Update 5th January 2013: Regretfully, Google discontinued the API that Mikael’s excellent script is based upon – and therefore this approach is broken. You can still do it manually – it’s just as fast!
Read my original post on how to create a heatmaps of analytics data here.
Thanks to a smart Finn called Mikael Thuneberg, I’ve managed to whip up a quick and dirty little Google Docs template which builds these Google Analytics heatmaps in seconds (much easier and faster than the old method):
How it works
How to do it
IMPORTANT: Google disabled the API, so please read my old post on the manual heatmap method (it’s still reasonably quick :).
Watch the instructional video below (I’m a YouTube newbie, so you may have to bear with it) or follow the steps outlined afterwards.
Step 1: Load the template from Google Docs and save a copy to your Google Account (ensure only you have access to this as your password will be stored in the spreadsheet). Step 2: Pop in your username and password, into the fields on the “Data” spreadsheet tab. Feel free to hide your password in the spreadsheet. Step 3: Grab your Profile ID (Note that this is not your UA number!) from the URL in your Google Analytics interface and pop it into the corresponding cell in the template. You’re looking for the number in the URL which looks like this:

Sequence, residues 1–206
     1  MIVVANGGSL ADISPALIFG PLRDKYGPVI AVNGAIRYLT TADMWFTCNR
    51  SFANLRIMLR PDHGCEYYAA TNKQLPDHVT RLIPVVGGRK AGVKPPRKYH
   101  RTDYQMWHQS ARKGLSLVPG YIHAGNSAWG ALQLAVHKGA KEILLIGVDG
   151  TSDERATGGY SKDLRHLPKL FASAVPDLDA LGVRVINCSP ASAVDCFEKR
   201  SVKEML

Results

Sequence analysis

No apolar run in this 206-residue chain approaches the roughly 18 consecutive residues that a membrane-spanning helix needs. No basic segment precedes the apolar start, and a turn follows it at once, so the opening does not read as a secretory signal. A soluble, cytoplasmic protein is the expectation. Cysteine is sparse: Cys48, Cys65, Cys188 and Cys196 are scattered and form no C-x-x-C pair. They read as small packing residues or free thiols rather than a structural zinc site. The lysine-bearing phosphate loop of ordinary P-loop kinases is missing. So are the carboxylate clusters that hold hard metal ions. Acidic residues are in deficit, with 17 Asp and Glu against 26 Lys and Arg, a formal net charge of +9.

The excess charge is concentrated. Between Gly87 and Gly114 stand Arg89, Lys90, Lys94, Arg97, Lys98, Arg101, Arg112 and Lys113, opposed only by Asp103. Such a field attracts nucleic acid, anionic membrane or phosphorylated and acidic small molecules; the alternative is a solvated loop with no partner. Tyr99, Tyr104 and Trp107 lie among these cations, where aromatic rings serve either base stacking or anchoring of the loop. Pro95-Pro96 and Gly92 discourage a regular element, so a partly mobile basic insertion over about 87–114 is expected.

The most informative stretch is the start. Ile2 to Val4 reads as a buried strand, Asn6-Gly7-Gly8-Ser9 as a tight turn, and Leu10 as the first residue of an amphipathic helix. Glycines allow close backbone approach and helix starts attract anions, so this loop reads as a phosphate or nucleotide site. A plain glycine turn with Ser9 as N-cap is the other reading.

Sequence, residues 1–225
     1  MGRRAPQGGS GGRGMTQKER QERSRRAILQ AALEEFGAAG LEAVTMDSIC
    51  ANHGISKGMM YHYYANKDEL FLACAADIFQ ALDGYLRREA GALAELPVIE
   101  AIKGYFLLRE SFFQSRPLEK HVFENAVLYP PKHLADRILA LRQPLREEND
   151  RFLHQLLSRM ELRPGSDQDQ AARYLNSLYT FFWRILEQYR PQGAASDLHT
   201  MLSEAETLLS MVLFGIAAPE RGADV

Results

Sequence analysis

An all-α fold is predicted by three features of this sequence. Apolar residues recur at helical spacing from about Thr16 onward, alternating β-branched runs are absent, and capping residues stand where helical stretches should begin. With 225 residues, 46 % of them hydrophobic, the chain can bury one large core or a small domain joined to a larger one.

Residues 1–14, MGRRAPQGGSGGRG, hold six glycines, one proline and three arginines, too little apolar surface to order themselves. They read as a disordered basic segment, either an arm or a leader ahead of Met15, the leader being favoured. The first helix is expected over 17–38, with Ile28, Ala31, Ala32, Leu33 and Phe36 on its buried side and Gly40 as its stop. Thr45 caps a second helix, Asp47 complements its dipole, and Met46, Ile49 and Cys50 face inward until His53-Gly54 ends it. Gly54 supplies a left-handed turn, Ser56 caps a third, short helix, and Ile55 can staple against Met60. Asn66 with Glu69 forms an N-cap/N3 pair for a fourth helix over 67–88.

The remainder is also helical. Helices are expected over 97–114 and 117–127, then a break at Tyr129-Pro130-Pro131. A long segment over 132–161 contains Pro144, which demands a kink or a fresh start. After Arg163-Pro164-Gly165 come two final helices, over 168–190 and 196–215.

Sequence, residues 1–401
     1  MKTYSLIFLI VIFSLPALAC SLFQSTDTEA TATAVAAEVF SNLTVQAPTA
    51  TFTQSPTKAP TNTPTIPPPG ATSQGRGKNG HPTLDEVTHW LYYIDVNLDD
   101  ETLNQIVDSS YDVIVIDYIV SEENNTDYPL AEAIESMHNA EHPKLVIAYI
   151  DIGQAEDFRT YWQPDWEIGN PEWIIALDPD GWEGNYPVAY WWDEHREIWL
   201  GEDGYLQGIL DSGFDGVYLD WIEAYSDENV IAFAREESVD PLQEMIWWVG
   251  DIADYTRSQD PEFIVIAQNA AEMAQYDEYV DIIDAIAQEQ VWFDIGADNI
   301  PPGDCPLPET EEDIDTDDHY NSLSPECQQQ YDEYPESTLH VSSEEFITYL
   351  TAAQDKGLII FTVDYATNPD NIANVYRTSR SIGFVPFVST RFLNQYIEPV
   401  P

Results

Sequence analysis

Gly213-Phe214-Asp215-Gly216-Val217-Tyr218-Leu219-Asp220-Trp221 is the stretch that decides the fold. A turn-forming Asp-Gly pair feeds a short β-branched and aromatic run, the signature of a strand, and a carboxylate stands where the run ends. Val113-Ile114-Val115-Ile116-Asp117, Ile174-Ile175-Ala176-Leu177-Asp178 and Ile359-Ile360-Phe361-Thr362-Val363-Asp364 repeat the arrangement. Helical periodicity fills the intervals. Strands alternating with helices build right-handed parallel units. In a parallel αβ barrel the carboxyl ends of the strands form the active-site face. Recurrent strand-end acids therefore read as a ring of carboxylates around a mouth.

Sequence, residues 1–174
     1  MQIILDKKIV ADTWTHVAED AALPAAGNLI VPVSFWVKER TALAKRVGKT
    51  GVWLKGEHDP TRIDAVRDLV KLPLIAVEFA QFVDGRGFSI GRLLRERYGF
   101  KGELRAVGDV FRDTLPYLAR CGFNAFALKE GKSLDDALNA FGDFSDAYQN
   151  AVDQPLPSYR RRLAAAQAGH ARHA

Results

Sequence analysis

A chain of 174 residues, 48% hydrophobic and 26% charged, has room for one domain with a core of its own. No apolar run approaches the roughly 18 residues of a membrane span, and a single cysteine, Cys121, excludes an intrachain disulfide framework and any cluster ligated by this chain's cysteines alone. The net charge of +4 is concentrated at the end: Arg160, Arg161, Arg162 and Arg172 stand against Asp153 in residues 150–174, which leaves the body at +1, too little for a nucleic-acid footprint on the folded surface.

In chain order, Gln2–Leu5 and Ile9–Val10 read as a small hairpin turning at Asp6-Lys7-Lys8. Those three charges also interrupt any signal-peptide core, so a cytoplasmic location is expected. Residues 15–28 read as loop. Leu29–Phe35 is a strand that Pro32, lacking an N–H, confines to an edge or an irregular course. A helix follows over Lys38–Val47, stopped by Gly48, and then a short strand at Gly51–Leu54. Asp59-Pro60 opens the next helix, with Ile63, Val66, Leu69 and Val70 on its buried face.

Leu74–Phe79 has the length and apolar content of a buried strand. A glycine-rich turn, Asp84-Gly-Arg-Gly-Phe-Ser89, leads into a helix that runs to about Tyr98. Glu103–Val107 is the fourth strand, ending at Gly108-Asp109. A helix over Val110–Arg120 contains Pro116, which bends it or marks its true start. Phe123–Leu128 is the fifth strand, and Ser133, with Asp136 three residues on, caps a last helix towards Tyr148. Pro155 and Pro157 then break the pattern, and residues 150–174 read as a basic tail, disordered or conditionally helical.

Therefore, you would use “21652238” in the spreadsheet. Step 4: Set your date range – you’ll want a decent date range so that you have a couple of hundred thousand visits at least. Step 5: Pop the ID of an advanced segment into the spreadsheet. Some are already provided under the inputs area. Otherwise “-9″ will work for most sites with goals setup. Step 6: Jump into the reporting tab at the bottom of the screen. Step 7: Copy the tables you’d like to use and pop them into Excel, and dress them up in a table with conditional formatting.
Either download my example conversion rate heatmap template for Excel or use conditional formatting and table formatting icons up in the ribbon (note you’ll need Excel 2007 for this):
Whereas the old process would have taken 30-60 mins to aggregate in the GA interface, this less than 5 minutes – and much faster with several cups of coffee.